Given borane's ($\ce{BH3}$) LUMO, which of these Lewis bases would have a more stabilizing interaction? In acid bases that means the higher HOMO and lower LUMO equals a stronger dative bond I believe.

So which would have a stronger interaction (greater net stabilization) with borane, trimethylphosphine or trimethylamine:

$$\ce{P(CH3)3 ~vs~ N(CH3)3}$$

Phosphorus is less EN and it's electrons reside in a higher energy 3p orbital, but doesn't it compensate for this by placing the electron pair an orbital with more "s" character? Also carbon is more EN than phosphorous drawing some strain.

I would say trimethylphosphine has the HOMO just because of it's higher orbitals and lower overall EN making donating a pair of electrons more favorable.

Am I right?

  • $\begingroup$ @Dave You mean an orbital with more s character, not a character, right? $\endgroup$
    – Dissenter
    Mar 4, 2015 at 1:58
  • $\begingroup$ If so I suppose you could check using bond angles ... although there is another issue at hand -the relative sizes of P and N $\endgroup$
    – Dissenter
    Mar 4, 2015 at 1:59

1 Answer 1


OK, first off, let's comment on the stability question. When making a Lewis adduct (and rationalizing with the frontier orbital approach), you want the resulting complex to be stable. That requires two possibilities:

  1. The HOMO of the Lewis Base ($\ce{NH3}$ or $\ce{PH3}$ here) is low (i.e., hard to remove an electron).
  2. The coupling between the acid and base orbitals is large.

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I want those electrons to be stabilized. Either (or both) approaches can work. So to correct your statement, you don't want a "high HOMO" or "low LUMO."

The catch, of course, is that a large splitting between the Lewis acid LUMO and Lewis base HOMO can lead to low coupling (poor orbital overlap).

Now, I went and ran some quick B3LYP/6-31G(d) calculations on both $\ce{N(CH3)3}$ and $\ce{P(CH3)3}$ because I couldn't find any quick comparisons in the textbooks I use.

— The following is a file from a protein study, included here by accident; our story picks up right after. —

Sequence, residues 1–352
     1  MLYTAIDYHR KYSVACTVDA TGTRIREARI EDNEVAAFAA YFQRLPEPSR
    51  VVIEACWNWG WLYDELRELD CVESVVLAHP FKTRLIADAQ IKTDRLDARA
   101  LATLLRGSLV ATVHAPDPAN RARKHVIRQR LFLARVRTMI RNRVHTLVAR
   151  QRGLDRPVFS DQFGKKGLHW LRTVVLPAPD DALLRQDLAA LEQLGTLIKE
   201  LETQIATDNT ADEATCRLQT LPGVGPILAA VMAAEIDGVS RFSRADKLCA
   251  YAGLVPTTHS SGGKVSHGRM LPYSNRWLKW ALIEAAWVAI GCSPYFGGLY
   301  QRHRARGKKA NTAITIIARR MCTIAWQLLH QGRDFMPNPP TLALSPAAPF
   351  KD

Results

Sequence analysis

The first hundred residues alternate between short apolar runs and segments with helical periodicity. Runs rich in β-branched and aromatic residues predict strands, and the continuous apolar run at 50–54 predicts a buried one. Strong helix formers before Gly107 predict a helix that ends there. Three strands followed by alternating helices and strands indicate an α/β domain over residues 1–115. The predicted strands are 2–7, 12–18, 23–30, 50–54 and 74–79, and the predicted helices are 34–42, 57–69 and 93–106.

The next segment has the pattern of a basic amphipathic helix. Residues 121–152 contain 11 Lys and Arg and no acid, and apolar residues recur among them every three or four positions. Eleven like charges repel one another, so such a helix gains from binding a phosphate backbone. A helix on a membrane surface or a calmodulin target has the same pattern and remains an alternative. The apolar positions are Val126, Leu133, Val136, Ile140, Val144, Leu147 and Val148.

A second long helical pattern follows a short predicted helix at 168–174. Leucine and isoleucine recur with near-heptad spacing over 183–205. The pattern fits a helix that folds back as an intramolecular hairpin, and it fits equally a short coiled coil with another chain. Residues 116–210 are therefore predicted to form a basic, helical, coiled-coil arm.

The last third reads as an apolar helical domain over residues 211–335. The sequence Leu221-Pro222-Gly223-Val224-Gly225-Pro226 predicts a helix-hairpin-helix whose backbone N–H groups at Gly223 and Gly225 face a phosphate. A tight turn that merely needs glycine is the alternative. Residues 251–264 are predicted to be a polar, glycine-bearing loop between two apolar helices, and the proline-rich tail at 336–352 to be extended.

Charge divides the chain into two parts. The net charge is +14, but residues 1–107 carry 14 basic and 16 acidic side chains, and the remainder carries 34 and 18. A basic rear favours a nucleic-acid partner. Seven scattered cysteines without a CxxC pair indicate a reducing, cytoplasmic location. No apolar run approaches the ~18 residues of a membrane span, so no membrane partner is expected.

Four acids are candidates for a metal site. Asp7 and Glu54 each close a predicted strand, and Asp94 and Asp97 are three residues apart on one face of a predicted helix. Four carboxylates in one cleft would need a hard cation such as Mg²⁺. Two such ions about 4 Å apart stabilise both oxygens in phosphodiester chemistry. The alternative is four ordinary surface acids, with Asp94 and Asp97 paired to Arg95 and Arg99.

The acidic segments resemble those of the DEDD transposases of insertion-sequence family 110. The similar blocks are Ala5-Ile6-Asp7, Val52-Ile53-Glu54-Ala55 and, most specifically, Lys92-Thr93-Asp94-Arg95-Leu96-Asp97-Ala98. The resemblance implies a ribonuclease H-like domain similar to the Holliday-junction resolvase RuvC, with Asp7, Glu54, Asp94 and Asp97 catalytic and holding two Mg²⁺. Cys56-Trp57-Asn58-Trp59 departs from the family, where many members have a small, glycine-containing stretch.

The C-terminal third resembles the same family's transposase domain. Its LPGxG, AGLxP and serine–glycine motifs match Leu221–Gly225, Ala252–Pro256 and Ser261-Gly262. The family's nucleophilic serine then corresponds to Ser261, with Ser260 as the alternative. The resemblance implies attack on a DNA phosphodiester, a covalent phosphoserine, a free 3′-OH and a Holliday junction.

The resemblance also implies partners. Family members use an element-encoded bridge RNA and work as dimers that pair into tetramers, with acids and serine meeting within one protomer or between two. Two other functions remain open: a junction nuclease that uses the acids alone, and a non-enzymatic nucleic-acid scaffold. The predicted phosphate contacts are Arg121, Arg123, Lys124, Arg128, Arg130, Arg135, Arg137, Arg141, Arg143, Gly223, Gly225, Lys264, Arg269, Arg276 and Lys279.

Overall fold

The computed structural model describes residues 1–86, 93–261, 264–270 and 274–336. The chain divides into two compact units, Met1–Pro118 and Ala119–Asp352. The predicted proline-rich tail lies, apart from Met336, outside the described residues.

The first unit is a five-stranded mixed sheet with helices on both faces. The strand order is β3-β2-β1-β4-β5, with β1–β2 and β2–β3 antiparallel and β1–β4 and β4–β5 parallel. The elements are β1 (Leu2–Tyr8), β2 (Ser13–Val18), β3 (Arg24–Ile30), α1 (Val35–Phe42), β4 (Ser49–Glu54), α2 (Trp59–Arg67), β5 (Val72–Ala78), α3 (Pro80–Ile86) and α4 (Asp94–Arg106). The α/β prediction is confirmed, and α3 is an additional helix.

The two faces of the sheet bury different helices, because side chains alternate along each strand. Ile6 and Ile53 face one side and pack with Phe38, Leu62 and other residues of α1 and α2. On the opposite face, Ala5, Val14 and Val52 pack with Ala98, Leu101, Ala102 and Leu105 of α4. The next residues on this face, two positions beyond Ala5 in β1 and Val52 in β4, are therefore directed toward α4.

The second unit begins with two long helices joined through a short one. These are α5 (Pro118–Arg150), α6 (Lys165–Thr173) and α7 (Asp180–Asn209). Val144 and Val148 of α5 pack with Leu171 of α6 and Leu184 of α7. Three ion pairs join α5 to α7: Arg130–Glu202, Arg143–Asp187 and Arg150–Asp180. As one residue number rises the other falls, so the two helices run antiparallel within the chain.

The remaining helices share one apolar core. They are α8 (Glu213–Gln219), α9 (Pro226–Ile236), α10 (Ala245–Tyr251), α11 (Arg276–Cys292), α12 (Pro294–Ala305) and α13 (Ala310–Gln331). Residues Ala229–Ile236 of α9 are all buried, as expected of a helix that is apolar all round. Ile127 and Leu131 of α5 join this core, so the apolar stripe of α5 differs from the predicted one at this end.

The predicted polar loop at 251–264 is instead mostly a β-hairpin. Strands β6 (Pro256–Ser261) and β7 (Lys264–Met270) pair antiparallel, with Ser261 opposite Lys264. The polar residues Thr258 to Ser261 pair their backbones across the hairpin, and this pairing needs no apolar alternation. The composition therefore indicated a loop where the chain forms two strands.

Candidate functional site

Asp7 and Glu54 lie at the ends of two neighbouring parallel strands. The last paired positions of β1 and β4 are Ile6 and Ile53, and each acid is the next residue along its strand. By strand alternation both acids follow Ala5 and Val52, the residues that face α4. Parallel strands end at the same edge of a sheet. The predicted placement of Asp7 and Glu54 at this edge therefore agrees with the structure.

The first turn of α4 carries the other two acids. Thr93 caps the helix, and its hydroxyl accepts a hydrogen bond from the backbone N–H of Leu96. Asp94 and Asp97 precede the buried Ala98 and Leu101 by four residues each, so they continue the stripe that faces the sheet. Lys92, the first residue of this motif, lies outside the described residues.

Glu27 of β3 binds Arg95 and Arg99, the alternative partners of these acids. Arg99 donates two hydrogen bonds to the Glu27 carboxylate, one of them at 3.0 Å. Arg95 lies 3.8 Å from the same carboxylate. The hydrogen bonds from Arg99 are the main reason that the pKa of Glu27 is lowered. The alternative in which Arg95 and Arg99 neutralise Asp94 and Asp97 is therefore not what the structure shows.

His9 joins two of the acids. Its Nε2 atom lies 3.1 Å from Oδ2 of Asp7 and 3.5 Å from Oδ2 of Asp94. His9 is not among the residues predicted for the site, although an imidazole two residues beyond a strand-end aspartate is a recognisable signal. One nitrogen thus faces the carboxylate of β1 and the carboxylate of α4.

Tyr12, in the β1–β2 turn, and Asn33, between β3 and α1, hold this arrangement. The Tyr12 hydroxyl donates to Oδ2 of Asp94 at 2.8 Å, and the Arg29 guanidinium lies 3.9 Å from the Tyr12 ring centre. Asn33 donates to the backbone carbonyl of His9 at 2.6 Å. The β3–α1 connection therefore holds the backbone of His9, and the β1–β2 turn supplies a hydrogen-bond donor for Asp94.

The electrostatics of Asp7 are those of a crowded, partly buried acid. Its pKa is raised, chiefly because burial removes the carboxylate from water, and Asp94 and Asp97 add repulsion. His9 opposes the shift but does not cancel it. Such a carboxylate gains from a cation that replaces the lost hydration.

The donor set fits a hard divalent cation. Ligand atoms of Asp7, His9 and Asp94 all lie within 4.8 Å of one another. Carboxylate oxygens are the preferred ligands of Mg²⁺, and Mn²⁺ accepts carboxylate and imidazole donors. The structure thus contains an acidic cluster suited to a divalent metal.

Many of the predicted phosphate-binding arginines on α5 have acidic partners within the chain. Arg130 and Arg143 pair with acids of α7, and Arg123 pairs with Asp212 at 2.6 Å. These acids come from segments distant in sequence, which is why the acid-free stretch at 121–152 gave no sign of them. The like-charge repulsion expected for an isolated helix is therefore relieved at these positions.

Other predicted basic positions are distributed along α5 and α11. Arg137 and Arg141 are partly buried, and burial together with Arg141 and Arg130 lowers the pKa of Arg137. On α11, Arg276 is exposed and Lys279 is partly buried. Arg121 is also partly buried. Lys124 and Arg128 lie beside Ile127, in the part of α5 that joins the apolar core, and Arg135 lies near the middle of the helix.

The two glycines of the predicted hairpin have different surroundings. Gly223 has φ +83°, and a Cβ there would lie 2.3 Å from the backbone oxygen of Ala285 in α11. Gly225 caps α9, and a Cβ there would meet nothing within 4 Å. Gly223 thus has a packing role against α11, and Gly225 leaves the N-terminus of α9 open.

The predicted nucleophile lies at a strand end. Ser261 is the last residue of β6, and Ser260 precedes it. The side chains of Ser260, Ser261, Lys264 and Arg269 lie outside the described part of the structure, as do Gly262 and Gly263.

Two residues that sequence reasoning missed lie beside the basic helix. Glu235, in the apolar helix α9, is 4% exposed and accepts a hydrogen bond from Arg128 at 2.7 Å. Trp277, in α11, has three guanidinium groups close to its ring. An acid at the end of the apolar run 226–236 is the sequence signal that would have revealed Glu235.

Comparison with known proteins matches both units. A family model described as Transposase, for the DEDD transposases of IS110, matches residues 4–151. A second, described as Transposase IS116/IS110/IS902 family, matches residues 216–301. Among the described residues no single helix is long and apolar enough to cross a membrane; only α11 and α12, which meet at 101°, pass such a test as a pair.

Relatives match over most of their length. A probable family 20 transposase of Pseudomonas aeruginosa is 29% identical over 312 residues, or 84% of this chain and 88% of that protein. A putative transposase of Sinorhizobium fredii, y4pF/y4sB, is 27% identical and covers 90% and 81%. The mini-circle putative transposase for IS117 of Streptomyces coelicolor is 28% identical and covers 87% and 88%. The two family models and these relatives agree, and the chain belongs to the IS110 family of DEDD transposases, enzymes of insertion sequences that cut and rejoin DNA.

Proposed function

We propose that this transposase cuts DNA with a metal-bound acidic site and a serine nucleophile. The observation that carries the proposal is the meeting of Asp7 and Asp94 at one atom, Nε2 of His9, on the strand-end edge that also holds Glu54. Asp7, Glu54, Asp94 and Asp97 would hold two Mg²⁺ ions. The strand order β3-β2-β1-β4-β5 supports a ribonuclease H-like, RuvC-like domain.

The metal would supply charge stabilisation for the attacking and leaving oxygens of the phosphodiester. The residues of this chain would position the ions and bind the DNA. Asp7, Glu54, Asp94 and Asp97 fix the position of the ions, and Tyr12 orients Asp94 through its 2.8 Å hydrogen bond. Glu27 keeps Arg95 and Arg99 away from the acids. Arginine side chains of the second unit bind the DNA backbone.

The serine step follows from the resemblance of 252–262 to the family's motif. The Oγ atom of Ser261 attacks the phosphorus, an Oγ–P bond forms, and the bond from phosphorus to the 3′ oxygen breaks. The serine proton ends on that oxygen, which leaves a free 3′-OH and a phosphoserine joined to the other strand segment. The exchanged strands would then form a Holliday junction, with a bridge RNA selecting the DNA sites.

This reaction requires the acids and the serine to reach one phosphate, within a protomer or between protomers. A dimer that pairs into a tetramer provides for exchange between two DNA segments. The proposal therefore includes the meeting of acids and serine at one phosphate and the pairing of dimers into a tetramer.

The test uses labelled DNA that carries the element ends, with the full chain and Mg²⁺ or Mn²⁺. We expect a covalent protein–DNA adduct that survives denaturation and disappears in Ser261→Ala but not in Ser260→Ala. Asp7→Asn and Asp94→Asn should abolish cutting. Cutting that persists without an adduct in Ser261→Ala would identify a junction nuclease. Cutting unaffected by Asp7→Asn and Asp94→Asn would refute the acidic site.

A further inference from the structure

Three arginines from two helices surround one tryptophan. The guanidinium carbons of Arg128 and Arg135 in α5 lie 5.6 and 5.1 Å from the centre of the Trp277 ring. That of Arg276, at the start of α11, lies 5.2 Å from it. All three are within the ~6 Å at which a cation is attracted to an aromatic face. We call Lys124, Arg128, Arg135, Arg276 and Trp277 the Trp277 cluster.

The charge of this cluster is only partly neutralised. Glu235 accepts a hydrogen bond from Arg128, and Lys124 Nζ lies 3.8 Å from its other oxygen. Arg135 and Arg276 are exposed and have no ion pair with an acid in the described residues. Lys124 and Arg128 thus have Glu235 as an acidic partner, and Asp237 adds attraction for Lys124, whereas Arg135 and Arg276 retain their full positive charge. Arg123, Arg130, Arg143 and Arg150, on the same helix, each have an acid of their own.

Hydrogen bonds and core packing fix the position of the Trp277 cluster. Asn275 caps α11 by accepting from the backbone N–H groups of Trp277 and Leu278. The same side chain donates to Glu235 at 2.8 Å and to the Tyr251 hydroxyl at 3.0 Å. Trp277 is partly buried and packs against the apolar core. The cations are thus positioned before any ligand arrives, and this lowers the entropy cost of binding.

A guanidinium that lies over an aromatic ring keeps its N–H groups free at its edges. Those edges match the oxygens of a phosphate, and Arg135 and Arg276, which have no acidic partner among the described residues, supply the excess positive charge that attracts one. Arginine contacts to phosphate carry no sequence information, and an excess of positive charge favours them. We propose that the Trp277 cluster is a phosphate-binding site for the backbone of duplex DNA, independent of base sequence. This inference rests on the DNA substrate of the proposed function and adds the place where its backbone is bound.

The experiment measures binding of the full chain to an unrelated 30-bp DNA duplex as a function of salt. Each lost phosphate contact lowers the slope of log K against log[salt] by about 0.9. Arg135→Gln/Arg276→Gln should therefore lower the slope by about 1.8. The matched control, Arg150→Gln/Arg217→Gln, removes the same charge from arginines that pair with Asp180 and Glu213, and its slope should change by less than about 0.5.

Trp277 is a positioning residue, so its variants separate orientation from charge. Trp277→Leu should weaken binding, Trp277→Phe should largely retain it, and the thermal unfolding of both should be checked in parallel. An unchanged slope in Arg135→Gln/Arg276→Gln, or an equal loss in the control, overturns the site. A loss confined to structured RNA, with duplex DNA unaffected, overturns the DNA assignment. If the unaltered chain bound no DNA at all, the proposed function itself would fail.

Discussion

The amine has a computed orbital energy of -5.64 eV, and the phosphine has a computed orbital energy of -5.98 eV. (Standard disclaimers about orbital energies being non-physical apply.)

This would suggest that the phosphine would form a stronger bond with a borane.

There's supporting evidence here: "Ab initio molecular orbital study of the substituent effect on ammonia and phosphine–borane complexes" Journal of Molecular Structure: THEOCHEM, (2004) 709(1–3), pp 103-107.

The complexation energies of $\ce{H3BXH_{$3−n$}F_{$n$}}~(\ce{X~$=$~N, P}; n=0–3)$ and the proton affinities of $\ce{XH_{$3–n$}F_{$n$}}$ compounds have been investigated at the G2(MP2) level of theory. The G2(MP2) results show that the phosphine complexes are more stable than the corresponding ammonia ones. ... The NBO partitioning scheme shows that the stability of the phosphine complexes was related to the hyperconjugation effect.

Basically, the phosphine complexes seem more stable because there is some back-donation of electrons from the borane into the phosphine. It's not just a simple frontier orbital picture - more orbital interactions come into play.

  • 1
    $\begingroup$ For some reason, that I don't know, you have to enclose one character (non-numeric) sub- and superscripts in the mhchem environment, i.e. $\ce{F_n}$ produces $\ce{F_n}$, while $\ce{F_{n}}$ produces $\ce{F_{n}}$. $\endgroup$ Mar 6, 2015 at 3:05

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